Coping with celiac disease
A strict gluten-free diet and blogging about her experience with celiac disease helps married mom of two Lisa Cantkier stay healthy
When I was a toddler, I struggled with chronic diarrhea, severe malnutrition, weight loss and fatigue. My hair was falling out and my stomach was distended. My parents took me all over Toronto from specialist to specialist to find out why I was failing to thrive, and I ended up in hospital for nearly two months with a diagnosis of terminal cancer. One day, while still hospitalized, I was eating my lunch and, perhaps by fluke’or maybe instinct’I decided to eat just the banana and skip the rest. Afterwards my stool was firm, and the hospital staff finally realized my problems must be food related. A bowel biopsy determined I had a severe case of celiac disease (CD), an autoimmune disease in genetically susceptible people that is triggered by eating gluten, a protein found in wheat, rye and barley. When people with CD eat gluten, the small intestine that absorbs nutrients from food is damaged. I was put on a gluten-free diet, and I’ve been on it ever since.
There are so many hidden ingredients that contain gluten in processed foods that it can be hard to completely avoid it. You have to really do your research. It wasn’t until about 10 years ago that I became more aware of what was in processed foods. Today, at 36, I read every label, and I ask about ingredients when I eat out. When I’m in doubt, I don’t eat it.
But because of the damage that was done before I was finally diagnosed, and years of not reading labels and unknowingly eating gluten, I’ve battled chronic pain and vitamin deficiencies, and in my early 20s I was diagnosed with osteoporosis. I now see a naturopath regularly and take daily vitamin and calcium supplements; as well, I see a rheumatologist every year to have my bone density checked. CD can cause neurological problems, cancer and fertility problems. I am lucky not to have had those issues, and that my two young sons have not inherited the condition.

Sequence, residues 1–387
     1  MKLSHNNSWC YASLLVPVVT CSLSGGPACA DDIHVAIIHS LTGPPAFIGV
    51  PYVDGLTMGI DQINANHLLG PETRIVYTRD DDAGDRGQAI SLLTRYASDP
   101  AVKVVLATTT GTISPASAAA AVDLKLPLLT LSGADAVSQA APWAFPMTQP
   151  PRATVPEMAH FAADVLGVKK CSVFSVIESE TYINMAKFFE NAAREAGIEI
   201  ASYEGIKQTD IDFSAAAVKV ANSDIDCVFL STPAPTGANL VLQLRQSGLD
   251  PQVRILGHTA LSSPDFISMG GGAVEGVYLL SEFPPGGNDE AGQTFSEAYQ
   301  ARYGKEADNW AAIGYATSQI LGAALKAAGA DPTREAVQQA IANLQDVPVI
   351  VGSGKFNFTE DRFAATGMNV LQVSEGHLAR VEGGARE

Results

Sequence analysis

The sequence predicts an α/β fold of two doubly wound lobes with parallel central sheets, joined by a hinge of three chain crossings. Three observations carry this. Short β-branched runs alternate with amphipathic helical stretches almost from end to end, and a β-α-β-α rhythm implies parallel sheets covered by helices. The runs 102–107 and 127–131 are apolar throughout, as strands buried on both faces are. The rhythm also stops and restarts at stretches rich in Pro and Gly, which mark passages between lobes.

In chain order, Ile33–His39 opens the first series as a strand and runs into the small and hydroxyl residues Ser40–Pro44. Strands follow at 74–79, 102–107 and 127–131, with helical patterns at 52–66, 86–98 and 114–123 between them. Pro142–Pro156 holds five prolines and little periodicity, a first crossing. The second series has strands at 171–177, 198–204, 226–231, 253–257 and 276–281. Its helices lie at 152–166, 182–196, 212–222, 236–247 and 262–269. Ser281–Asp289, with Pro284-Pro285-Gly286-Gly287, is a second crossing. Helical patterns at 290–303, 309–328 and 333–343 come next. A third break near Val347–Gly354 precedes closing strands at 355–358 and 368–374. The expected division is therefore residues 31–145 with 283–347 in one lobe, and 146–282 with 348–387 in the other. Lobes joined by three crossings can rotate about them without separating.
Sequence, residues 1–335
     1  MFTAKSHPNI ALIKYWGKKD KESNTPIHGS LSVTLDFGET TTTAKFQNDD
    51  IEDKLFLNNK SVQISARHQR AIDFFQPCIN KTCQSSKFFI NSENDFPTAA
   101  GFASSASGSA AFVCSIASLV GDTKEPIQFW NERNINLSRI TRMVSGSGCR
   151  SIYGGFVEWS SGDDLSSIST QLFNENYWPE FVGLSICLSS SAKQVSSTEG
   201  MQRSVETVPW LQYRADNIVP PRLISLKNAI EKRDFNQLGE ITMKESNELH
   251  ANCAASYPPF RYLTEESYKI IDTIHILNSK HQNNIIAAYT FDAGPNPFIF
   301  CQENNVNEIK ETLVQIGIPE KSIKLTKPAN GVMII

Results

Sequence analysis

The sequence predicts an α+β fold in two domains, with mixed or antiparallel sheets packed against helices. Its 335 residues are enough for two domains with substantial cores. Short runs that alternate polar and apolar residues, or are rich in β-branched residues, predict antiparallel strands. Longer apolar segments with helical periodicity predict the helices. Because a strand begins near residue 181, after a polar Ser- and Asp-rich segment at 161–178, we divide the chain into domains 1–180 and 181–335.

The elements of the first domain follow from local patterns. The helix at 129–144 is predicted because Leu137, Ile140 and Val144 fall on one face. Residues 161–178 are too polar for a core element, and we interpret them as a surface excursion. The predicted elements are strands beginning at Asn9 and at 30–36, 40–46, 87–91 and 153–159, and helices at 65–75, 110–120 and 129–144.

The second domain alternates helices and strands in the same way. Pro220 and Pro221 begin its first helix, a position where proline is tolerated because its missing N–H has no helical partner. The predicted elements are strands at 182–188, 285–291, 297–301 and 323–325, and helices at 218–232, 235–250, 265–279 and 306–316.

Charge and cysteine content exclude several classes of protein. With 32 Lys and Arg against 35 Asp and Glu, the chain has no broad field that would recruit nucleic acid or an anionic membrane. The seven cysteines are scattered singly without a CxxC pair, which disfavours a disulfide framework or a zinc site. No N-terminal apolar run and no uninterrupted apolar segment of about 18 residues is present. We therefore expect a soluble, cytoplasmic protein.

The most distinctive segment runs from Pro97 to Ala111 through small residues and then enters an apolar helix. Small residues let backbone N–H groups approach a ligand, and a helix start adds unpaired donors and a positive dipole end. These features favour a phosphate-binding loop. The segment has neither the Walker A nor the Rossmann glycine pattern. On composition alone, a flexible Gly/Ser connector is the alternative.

When it comes to cooking for my husband and sons, I prepare the same meal for everyone, but change the grain for my meal. If we’re having pasta, I make gluten-free meat sauce for all of us, and two separate pots of noodles (one that’s rice pasta, for me). For sandwiches, I use gluten-free bread for me (preferably a freshly baked one from my local bakery) and regular bread for everyone else. With main courses (soup, quiche, chili or stew), I prepare them gluten free. For cereal, my favourites are those that have gluten-free oats, flax and dried fruit.
In part because I couldn’t find many good online resources for living gluten free, in August 2011 I started a website called glutenfreefind.com/blog. It features my blog as well as other contributors’ blogs, and it’s also a directory to stores that carry gluten-free products. I love that the website lets me communicate with other people who have CD.
Back in the ’70s, when I was first diagnosed, it was difficult to find gluten-free products. Thankfully, things have changed: Now I can shop at any grocery or health food store to find tasty foods. And the products are improving all the time, which makes it so much easier to be gluten free and stay healthy.
More on celiac disease
‘ It’s estimated that about one in 100 Canadians have the disease.
‘ CD may be the underlying cause in a number of conditions, including osteoporosis, irritable bowel syndrome, intestinal lymphoma, skin disorders, depression, thyroid disorders, short stature, type 1 diabetes, numbness and tingling, lupus and an arthritis-related condition called Sjögren’s syndrome.
A proper diagnosis key
People shouldn’t self-diagnose and go gluten free without having a blood test and intestinal biopsy (the tests that are required to determine celiac disease). The only treatment for CD is a gluten-free diet, but it can be challenging and expensive to maintain. One way to help defray the costs is the Canada Revenue Agency tax deduction available to those with a medically certified case of CD’another reason why it’s important to be officially diagnosed.